Ref your mail – could you get a PO Box?? Although, I guess you have to pay for that, so you still can’t win can you?

  8. Wen says:

    Peggy, I think they did used to automatically pull hours out of your bank so that you wouldn’t have a gap in coverage. My fuzzy brain seems to remember they did that for me 5 or 6 years ago…

    Since you’re calmer now, call Motion Picture on Monday and make sure that your coverage is retroactive. This may actually involve several phone calls and that martini you’re not supposed to have…

    Good luck missus!

  9. I’ve never understood the infuriating illogic behind the Health Plan’s insistence that we must authorize them to pull the hours required from our bank in order to retain medical coverage.

    What the fuck?

    I’d always assumed this would happen automatically, until I got a notice informing me I’d come up 170 hours short, and would have to authorize The Plan to draw those hours from my bank. (This was back in 2002.) The only good thing to come of that was in reading the fine print, I learned that if you come up short on hours due to being on disability (and can prove it with EDD statements), The Plan will provide something like 40 hours per disabled week towards your qualifying period. In my case, I’d been out 4 months after shoulder surgery — so The Plan re-upped me for another six months of medical coverage without touching my bank at all.

    Useful information, that — but it doesn’t solve the problem of each individual member having to authorize The Plan to draw from our bank of hours. This should happen automatically, with The Plan required to notify us exactly how many hours were drawn from the bank, when they were withdrawn, and how many hours remain.

    Given the increasingly unreliable nature of the Post Office, maybe Nezza’s right — a PO Box would at least minimize the potential for lost mail.

    Hope the meds are working, and you’re feeling better.

  10. Charli says:

    I hope new meds lets you sleep. My apt doesn’t have a/c and this new found heat makes it interesting at night, have a fan, but really, that’s not enough.

  11. rickfle says:

    I lost my MPHW policy as a result of the strike, and I’m now paying for insurance (with two dependents) for the first time in fifteen years. At least you’re a daily crew person and had a fat bank. I’m a musician and I had only 150 hours left in my bank in April, so with no work from Dec to April I was doomed from the moment the strike was called. I don’t remember when hours were automatically drawn from the bank. In my time, at least, it’s always required an authorization. I do remember when banked hours could be transferred from person to person, though. That could have saved some of us from falling off the plan this time around. Oh well…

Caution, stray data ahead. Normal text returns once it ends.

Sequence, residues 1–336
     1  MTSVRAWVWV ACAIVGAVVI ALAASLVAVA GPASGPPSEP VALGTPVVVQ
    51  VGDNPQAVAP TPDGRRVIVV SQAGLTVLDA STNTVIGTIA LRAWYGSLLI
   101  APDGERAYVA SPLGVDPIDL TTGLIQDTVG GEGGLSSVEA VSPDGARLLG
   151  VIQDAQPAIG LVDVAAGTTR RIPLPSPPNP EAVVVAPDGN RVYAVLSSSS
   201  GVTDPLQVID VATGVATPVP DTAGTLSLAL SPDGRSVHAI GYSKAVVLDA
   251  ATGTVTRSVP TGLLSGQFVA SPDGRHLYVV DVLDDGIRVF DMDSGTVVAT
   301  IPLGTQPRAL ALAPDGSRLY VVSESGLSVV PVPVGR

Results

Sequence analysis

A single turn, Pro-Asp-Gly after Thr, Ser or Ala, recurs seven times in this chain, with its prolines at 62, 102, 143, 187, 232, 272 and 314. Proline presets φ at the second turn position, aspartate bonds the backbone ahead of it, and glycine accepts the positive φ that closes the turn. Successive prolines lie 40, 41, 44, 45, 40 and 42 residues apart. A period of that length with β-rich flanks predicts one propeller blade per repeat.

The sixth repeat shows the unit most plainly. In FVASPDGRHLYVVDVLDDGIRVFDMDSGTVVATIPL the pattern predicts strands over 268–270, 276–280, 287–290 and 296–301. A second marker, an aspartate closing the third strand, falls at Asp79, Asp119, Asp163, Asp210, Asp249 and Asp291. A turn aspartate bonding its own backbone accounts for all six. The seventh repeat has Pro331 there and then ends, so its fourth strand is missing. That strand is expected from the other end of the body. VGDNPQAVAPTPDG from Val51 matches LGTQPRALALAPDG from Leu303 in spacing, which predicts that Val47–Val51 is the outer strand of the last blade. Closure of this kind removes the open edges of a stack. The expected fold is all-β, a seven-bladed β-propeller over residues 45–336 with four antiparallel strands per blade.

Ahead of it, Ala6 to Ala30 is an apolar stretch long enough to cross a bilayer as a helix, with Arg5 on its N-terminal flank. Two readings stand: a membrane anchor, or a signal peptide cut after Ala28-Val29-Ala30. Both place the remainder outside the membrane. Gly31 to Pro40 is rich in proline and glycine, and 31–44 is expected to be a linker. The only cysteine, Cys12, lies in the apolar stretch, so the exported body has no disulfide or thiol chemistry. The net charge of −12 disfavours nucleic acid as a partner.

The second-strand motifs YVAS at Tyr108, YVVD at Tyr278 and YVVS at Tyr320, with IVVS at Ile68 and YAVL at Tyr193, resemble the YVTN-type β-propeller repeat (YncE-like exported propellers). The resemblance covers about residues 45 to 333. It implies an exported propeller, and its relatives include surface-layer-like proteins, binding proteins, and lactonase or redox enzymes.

12. Jen says:

    If you’re on the medication that I think you’re on (which I was on for 6 months), the only reason you aren’t supposed to have alcohol is because it raises your tolerance for alcohol through the roof. So go ahead and have a martini – just don’t be shocked when it does absolutely nothing to intoxicate you.

    If you want to ask questions about it from a person who’s been on it, feel free to e-mail.

    I’m glad the whole insurance fiasco smoothed out and that you are not running around without insurance. For some reason it’s a lot worse knowing you don’t have it than it is when you don’t have it but think you do.

  13. geekhiker says:

    *sigh* Sorry to hear of your troubles. Medical coverage in this country, in all it’s silly, overly-complex forms, is such a crock. Glad you had an understanding pharmacist, at the very least. Hope the calmness continues and, of course, that you’ll be off the meds and back your regular old self in no time. :)

  14. Darryl says:

    I just remembered something. I’ve been on SRI’s for years for obsessive compulsive behavior (more mental than physical) and one drug I was on amplified the effects of alcohol to the point where all I wanted to do was drink. It was AWESOME. Until I went to a family Christmas party at the inlaws and got lo-ho-hoaded and loud and made a couple of comments about a painting a girlfriend of a nephew had given to my rich aunt-in-law and my wife had to carry me out. I soon after changed medications (but I still drink a little).